Thursday, May 1, 2014

Springtime at the Boulevard

Today is Labour Day in Amman and I mostly took the day off. It was awesome because Wednesday is my traditional day off, which I mostly cannot take. It feels like I’ve finally had a weekend.

After attending art classes, I spent a leisurely day building a puzzle that contains Al Aqsa Mosque and the Western Wall of the fallen Temple.  As it was a gorgeous day and a splendid evening, I had to choose how I would spend the evening. The choices were: go for a walk through Abdali Souk, work on a watercolor, or begin preparations for tomorrow’s lunch for twenty. After baking a cake, I decided to go for a walk.

My journey took my to the Abdali Gateway project where the city is celebrating “Springtime at the Boulevard.” It is quite an impressive undertaking. I stumbled upon it this Christmas when they had their inaugural Christmas at the Boulevard. The management was trying something for springtime as well because the winter festival was very well received.

When I attended on Sunday night, it was quite pleasant with good crowds of people taking in the first day of the week. Tonight was something else: it was a holiday, the beginning of the weekend, and the site of a car and bike rally. Throngs of people jammed into the space. The management must be very happy for such a profitable undertaking because lots of money was being spent.

I was just happy to see so many Ammani with smiles on their faces as they enjoyed their leisure time of gathering. Many were well dressed. Lots of families attended. People were dancing to the live music as they laced their hair with bows of flowers. It is wonderful to see so many smiles and to hear much laughter. People from all walks of life and nationalities visited.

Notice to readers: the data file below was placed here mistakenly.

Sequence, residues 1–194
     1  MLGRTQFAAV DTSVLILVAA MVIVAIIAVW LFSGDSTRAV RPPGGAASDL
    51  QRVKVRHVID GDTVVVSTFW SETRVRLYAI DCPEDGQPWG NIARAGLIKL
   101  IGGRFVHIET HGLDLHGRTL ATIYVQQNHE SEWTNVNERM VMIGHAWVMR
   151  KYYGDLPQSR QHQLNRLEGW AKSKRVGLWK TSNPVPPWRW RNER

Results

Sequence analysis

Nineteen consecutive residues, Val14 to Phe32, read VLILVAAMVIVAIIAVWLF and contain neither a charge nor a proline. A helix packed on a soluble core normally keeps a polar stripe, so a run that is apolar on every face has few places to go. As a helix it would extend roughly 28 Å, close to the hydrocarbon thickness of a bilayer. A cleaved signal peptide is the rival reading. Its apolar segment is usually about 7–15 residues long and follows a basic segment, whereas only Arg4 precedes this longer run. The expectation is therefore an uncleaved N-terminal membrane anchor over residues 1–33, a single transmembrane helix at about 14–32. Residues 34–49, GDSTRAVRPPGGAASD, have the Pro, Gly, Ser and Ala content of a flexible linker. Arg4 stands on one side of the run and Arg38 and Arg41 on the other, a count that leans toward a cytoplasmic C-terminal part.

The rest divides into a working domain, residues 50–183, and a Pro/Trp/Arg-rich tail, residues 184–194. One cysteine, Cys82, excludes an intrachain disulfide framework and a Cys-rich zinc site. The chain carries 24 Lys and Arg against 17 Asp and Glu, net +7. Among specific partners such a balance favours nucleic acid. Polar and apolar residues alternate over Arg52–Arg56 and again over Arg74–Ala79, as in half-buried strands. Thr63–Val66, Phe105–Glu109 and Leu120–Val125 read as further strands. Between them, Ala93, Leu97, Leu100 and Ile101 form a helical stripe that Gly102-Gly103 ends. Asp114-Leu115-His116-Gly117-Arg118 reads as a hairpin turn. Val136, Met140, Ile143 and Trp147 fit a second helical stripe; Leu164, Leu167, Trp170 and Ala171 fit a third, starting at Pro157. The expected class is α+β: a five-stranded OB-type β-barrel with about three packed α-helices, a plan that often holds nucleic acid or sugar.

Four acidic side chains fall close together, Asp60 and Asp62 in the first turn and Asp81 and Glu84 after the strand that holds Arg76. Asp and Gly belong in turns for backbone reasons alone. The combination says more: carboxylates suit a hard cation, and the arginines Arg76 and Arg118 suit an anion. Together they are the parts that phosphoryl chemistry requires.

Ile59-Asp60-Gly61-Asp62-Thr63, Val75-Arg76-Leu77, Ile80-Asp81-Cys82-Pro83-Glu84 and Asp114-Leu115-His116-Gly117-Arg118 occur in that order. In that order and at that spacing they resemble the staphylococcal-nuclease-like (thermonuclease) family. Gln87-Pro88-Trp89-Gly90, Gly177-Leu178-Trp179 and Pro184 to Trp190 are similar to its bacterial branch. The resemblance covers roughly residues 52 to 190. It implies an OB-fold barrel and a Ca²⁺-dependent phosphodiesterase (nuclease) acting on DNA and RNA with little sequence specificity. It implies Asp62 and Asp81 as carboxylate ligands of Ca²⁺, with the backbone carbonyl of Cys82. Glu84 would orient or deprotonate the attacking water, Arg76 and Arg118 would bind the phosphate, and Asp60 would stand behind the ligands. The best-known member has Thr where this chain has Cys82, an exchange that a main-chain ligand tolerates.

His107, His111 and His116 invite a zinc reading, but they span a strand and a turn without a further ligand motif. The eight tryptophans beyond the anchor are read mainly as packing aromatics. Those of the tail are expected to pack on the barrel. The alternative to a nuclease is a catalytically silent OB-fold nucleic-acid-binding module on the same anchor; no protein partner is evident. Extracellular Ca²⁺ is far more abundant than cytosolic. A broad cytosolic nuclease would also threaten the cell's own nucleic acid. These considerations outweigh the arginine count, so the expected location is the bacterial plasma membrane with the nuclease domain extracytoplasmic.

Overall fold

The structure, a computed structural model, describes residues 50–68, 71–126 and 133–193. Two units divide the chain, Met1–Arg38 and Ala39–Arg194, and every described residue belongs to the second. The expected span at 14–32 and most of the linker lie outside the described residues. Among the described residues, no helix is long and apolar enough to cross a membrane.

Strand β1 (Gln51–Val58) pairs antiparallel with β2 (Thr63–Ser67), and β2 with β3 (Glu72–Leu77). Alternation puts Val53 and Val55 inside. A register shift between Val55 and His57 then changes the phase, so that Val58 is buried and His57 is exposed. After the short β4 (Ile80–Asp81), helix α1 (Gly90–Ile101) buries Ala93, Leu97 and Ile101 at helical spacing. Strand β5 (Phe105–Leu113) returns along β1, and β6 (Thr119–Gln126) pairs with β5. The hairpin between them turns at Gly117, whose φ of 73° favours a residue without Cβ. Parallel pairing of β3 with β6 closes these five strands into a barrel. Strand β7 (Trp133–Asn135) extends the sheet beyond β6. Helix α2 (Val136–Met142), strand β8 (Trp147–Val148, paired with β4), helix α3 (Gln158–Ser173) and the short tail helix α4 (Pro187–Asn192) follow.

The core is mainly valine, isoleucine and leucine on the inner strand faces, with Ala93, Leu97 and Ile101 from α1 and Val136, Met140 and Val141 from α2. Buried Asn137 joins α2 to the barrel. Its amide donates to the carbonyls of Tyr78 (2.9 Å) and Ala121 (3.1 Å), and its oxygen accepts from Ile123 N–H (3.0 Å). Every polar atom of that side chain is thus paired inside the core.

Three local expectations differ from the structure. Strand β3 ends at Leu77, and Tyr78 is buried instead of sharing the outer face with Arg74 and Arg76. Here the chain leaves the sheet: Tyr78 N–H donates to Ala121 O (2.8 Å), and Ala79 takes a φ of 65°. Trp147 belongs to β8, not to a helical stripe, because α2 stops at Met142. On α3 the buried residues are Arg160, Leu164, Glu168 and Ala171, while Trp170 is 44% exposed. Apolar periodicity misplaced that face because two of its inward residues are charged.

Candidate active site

Some Ammani feel that it is attracting only the privileged. In many ways it is because the owners want to negotiate sales of condos and rentals of high-end apartments. They want to attract people who will make it their home, but on the other hand, for an entrance fee of 2 JD, just about anyone can visit and enjoy loads of fun. People watching is free.

The setting is a boulevard between the most northern-two buildings. It is a fairly wide boulevard that is meant to be a gathering spot. High end apartments can be rented on the upper levels, while the lower levels will be commercial space with luxury stories, gourmet restaurants, and cafes. People will be able to sit outside and enjoy a cup of coffee while gazing at other people.

Abdali is pitched as the future new downtown and I think it is going to be a huge success. There are five new streets of commercial buildings, residential units, an indoor mall, and six new hotels in Phase I. Phase II will be equally impressive and the complex will be the signature statement that Amman was arrived as an international, cosmopolitan city.
Judging by the increased attendance at this springtime festival, the place is already known. Most western Ammani might not think about heading into the old city, but this gives them abundant reasons. It is not far from Abdoun or Swiefieh, and many people will have to venture into these new spaces very soon. I think of some of my former parishioners who do not want to travel to Weibdeh because it is an eight-minute commute when they typically make it to their other church in seven to ten minutes. There is a psychological hurdle of traveling to Abdali. I think it is a judgment on class and wealth.

I’m impressed and excited for what the city will have and for what it has right now. I hadn’t intended to walk to the festival, but when I arrived, I immediately ran into parishioners and friends. It felt like a homecoming because I knew many people. It brought great joy to my heart to see such a gentle-souled, but heavy-burdended people have a great laugh. They will remember this for months to come – as they look forward to the summer, fall, and Christmas festivals. Good on ya, Jordan.  

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